11th Berlin Conference on Life Sciences - Novel Antimicrobials and AMR Diagnostics
Supported by the European Biotechnology Network, the 11th Berlin Conference on Life Sciences took place in the German capital. The most important topic was: Investments into new drugs to tackle antimicrobial resistance (AMR) are set to boost the participation of SMEs. Two new financing initiatives, which focus on innovations developed by SMEs, were presented.
Whilst the REPAIR impact fund, launched by Novo Holdings in late February, will provide €135m over the next 3-5 years as convertible loan or royalty-based funding to SME-developed new anti-infective modalities, the UNCTAD (United Nations Conference on Trade and Development) plans to help establishing an unconventional funding vehicle for SMEs in the AMR field in the long-term. In a first step, a match-making platform will be set up during the World Investment Forum 2018 (22-25 October, Geneva). „As the return on investment (ROI) from antimicrobials that break resistance is limited by the need to rationally apply them, we seek to bring together SMEs with non-traditional investors, who have an economic interest in reducing treatment and hospitalisation times,” said UNCTAD‘s legal expert Christoph Spennemann at the event, organised by EBN member BIOCOM AG.
The funds were welcomed by the BEAM alliance, which published a position paper last year, that asked for more SME-specific funding. Marc Gitzinger, CEO of Bioversys, one of BEAM member companies, said that the new financing initiatives will give a push to the development of the approximately 100 pipeline projects of BEAM members. He also applauded the European Medicines Agency’s Head of Anti-Infectives and Vaccines, Mario Cavalieri, who will start talks with BEAM members about establishing novel biomarker-based endpoints to assess efficacy of novel antimicrobials in clinical trials. In a high ranking industry panel discussion, it became clear that the 50-year old test for minimal inhibitory concentration (MIC) neither is very accurate nor can it determine the efficacy of novel drug classes such as inhibitors of microbial virulence factors, which block infection without killing a pathogen. Currently, prediction of efficacy is expressed as a probability of attainment of the pharmacodynamic target (PD) and defines the MIC breakpoint, said Mark Jones, Head of Preclinical Development at Basilea Pharmaceutica. “It’s crucial to establish cost-effective predicitive efficacy tests that prevent the need to test thousands of patients in clinical trials,” stressed Johan Mouton, partner in the Innovative Medicines Initiatives Combacte project from University Utrecht and representative of the European Committee on Antimicrobial Susceptibility Testing (EUCAST).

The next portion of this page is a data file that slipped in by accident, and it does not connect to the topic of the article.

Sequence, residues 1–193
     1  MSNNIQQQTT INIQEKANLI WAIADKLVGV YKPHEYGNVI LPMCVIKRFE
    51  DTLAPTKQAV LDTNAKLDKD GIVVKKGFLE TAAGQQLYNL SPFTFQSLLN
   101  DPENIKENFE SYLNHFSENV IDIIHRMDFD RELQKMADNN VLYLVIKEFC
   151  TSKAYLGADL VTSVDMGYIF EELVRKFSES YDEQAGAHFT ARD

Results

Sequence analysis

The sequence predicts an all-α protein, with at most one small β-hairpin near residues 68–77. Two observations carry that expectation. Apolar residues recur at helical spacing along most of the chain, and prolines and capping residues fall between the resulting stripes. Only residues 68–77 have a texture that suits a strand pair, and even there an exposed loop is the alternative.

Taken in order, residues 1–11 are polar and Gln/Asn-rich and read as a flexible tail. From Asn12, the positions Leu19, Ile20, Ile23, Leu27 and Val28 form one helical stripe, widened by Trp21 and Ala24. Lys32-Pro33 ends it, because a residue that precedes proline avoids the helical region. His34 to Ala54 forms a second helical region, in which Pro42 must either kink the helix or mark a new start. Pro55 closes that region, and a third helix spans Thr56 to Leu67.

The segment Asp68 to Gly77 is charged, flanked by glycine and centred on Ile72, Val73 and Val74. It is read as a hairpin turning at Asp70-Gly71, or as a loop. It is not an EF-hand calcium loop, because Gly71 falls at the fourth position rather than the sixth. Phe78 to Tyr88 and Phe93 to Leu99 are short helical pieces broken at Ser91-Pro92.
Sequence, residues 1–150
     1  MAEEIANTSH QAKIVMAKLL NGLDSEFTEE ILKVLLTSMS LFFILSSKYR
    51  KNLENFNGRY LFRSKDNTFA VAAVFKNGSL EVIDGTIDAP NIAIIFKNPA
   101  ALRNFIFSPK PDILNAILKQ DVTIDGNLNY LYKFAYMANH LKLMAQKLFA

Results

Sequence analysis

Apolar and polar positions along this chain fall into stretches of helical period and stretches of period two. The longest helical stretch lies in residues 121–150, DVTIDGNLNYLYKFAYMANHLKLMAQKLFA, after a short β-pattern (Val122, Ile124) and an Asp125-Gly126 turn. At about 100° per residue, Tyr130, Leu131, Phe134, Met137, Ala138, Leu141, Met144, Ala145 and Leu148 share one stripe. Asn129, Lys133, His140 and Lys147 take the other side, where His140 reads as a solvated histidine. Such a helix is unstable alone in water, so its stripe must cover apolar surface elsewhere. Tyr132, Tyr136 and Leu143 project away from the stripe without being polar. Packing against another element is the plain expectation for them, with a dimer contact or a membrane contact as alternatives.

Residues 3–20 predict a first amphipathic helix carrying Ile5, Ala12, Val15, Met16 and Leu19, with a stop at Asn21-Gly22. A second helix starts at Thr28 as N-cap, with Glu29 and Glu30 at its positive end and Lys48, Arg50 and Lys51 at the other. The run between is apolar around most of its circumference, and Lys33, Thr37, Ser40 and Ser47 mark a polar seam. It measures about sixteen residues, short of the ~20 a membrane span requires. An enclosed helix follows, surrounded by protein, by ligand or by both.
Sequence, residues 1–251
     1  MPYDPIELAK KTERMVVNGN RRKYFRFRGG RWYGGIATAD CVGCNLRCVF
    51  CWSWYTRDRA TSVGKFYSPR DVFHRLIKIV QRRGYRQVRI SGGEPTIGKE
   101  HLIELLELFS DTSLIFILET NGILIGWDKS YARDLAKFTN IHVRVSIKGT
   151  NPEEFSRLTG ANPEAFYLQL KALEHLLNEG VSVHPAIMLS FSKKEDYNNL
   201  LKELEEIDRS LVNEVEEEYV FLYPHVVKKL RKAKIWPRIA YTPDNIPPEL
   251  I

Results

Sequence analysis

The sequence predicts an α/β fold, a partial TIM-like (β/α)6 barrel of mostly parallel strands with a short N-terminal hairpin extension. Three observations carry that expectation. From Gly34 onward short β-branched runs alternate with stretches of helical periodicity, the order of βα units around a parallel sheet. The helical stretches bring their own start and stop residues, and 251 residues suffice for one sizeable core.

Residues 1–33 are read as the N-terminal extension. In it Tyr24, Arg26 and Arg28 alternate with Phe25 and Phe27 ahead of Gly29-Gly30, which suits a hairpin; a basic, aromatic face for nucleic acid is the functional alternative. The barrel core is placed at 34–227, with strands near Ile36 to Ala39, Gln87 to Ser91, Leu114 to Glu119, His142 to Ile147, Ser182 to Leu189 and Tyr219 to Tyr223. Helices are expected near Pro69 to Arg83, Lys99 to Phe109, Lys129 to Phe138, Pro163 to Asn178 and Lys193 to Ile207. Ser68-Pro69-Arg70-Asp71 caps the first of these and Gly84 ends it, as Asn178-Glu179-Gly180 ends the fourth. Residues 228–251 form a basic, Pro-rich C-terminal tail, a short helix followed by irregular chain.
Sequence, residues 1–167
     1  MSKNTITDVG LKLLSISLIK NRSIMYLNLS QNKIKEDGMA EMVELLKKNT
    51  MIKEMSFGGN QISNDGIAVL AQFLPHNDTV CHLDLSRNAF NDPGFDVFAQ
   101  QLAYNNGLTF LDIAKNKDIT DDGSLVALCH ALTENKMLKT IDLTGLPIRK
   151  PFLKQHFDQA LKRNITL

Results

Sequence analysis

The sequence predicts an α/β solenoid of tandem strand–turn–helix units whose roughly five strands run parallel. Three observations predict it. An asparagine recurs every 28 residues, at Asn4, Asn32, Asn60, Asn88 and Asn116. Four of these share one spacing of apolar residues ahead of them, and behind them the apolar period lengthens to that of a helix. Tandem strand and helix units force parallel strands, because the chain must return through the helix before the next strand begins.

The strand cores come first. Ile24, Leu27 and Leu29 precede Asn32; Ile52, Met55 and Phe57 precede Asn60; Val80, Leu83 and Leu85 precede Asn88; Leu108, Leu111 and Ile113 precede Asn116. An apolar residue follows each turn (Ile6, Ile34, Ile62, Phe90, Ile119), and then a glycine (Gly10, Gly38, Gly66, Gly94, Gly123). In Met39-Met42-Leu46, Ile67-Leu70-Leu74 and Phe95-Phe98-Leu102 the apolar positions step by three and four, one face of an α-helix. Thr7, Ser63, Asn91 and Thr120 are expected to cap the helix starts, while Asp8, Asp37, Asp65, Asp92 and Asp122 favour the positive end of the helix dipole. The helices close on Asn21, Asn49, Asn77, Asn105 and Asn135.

In an investor panel, which discussed how to re-incentivise AMR R&D and market access including developing countries, it became clear that revival of the dried pipeline of antimicrobials does not only need mechanisms that push preclinical and clinical R&D through new initiatives such as GARPD, CARB-X, JPIAMR, IMI (ENABLE), BARDA etc. Panelist Aleks Engel, Partner at Novo Holdings, also welcomed the recommendation of the IMI’s project DRIVE-AB to establish pull mechanisms, such as an annual market entry award for approval of first-in-class antimicrobials that present the prospect of an appropriate ROI to developers.
DRIVE-AB representative Christine Årdal outlined the policy recommendations of the project, including an annual US$250 addition to the current US$550m funding of push initiatives and an annual US$400m investment aimed to provide an US$1bn market entry award to innovators who bring new classes of resistance breakers to the market. Årdal told European Biotechnology that no government wants to be the first to establish such a mechanism. Consequently, first informal talks starting this spring will take place with a group of governmental representatives. Not all stakeholders at the international conference, however, were convinced that the proposed “the-first-takes-it-all” approach will provide a solution to the lack of ROI as it would inhibit the development of better drugs with the same mechanism later on.